may be used. Balance various sticks, rods and devices such as brooms, bats, brushes, etc., on the knife
edge and mark the place where they balance with a piece of chalk. Is the centre of gravity of every device
you tested at the exact centre of the body? Which objects seem to have the centre of gravity at the centre?
Where is the centre of gravity of the others usually found?
1 Falling bodies
If you can find a building that is about 20 m high in your locality you can study how gravity makes bodies
fall faster the longer it acts on them. Get a piece of string long enough to reach from a point at least 20 m
high to the ground. Fasten the cord so that it forms a straight vertical line. Opposite a window 20 m from the
ground tie a piece of coloured cloth or yarn to the string. At about 5 m below this point tie another piece of
coloured yarn. Have someone stand on the ground with a watch and call out the seconds. A good way is to
beat seconds with the arm and call out ‘A thousand and one—a thousand and two-a thousand and three’.
This will beat seconds approximately.
Now station someone at the 5 m mark below the starting point and someone on the ground. Drop heavy
stones and light stones. Drop small objects and large objects and see how far they have fallen at the end of
one second and how far at the end of two seconds.
2 The coins fall together
Place a ruler obliquely on the edge of a table so that one end just projects over the edge and the other end
is about 3 cm from the edge. Now place one coin on the projecting end and another on the table, between
the other end of the ruler and the edge of the table. With another ruler strike a sharp blow, hitting the
projecting end horizontally. One coin falls straight to the floor while the other travels a longer path. Carefully
observe when each coin reaches the floor. You will have to repeat this experiment several times. What
conclusions do you reach?
3 A simple pendulum
Tie a cord at least 2 m long to some object like a stone or a small metal ball. Suspend this in a doorway or
from a hook in the ceiling and start it swinging through a large are. Count the number of swings it makes in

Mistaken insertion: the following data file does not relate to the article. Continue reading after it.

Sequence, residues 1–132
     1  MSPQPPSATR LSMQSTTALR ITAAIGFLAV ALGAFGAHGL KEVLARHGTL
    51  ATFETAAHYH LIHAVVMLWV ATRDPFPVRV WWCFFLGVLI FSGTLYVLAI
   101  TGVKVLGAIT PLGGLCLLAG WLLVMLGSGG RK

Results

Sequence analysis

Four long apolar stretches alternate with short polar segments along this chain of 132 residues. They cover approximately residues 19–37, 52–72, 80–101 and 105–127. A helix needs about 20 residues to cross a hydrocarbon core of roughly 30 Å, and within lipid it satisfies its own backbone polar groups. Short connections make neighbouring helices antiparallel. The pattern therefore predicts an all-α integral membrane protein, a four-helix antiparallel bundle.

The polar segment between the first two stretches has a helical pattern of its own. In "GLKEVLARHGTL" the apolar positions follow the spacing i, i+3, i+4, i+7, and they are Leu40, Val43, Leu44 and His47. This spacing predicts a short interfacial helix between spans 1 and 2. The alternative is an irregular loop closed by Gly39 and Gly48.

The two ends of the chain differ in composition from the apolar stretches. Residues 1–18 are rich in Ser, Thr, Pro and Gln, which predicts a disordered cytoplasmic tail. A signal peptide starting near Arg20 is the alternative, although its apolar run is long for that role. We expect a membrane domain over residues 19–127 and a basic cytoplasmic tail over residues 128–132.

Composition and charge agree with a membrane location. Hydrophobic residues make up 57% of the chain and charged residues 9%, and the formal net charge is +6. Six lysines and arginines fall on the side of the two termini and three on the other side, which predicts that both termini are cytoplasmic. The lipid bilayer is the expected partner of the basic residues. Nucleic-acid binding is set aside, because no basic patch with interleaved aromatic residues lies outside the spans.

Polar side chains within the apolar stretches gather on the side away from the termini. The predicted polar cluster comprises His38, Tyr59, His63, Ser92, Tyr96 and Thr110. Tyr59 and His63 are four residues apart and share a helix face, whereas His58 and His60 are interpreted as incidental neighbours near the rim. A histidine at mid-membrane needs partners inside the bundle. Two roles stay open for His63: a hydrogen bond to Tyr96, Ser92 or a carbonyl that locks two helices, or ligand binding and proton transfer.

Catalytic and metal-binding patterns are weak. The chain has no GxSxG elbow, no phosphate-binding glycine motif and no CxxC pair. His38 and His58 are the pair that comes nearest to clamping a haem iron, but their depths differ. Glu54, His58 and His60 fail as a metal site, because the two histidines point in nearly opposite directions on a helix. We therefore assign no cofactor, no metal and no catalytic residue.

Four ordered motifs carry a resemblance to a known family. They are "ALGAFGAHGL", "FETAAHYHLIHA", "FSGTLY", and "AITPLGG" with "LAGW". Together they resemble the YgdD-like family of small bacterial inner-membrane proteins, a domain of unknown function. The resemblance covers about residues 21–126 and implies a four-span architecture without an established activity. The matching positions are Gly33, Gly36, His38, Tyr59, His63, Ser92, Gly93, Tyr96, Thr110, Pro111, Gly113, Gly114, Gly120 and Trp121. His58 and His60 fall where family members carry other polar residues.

10 seconds and then multiply by 6 to see how many swings it makes per minute.
Next swing the pendulum through a short are and determine the number of swings per minute. Repeat
each of the above manipulations several times and take the average in each case. Does the length of the are
affect the time of vibration of a pendulum?
Keep the length of the pendulum the same but change the material used for a weight. Repeat the
manipulations suggested above.
Does the material in the bob affect the time of vibration of a pendulum?
Repeat each of the above experiments, but use a pendulum that is only half as long. Does the length of the
pendulum affect its rate of vibration? How does it affect it?
4 Timing a falling body
The motion of a freely falling body can be examined by attaching it to a strip of paper tape on which
marks are made at equal time intervals. This may be done by passing the tape between the armature of an
electric bell and a pad of carbon paper. To modify an electric bell mechanism for this purpose, remove the
clapper, and extend the armature by soldering to it a strip of metal about 5 cm long. Near the end of this
extension, drill a hole to fit a small round-headed screw, and fix it in with the head downwards to act as a
marking hammer.
Fasten the mechanism to a piece of wood measuring approximately 5 x
2.5 x 18 cm which will serve as a base. Fix another piece of wood, 5 x 5 x
2.5 cm under the striker to support the disc of carbon paper, and staples to
guide the path of the ticker tape. The carbon paper disc should be about 3
cm diameter, held loosely at the centre by a drawing pin so that it can rotate
to expose a new surface as the tape passes over it. The staples are easily
made from wire paper fasteners pressed into the wood.
The extension to the armature may have to be bent a little so that it does
not strike the paper too hard and cause bouncing, which may result in
uneven timing. The paper strip is now passed through the staples with the
carbon paper underneath and the armature is set in motion. As the strip is released and the body falls, it
drags the paper after it. Marks are thus made on the paper at equal time intervals and measurements can be
made of the distances travelled from the start. This timing device can be used for other experiments, e.g., the
acceleration of a cyclist can be measured by attaching the tape to the saddle of the machine. For absolute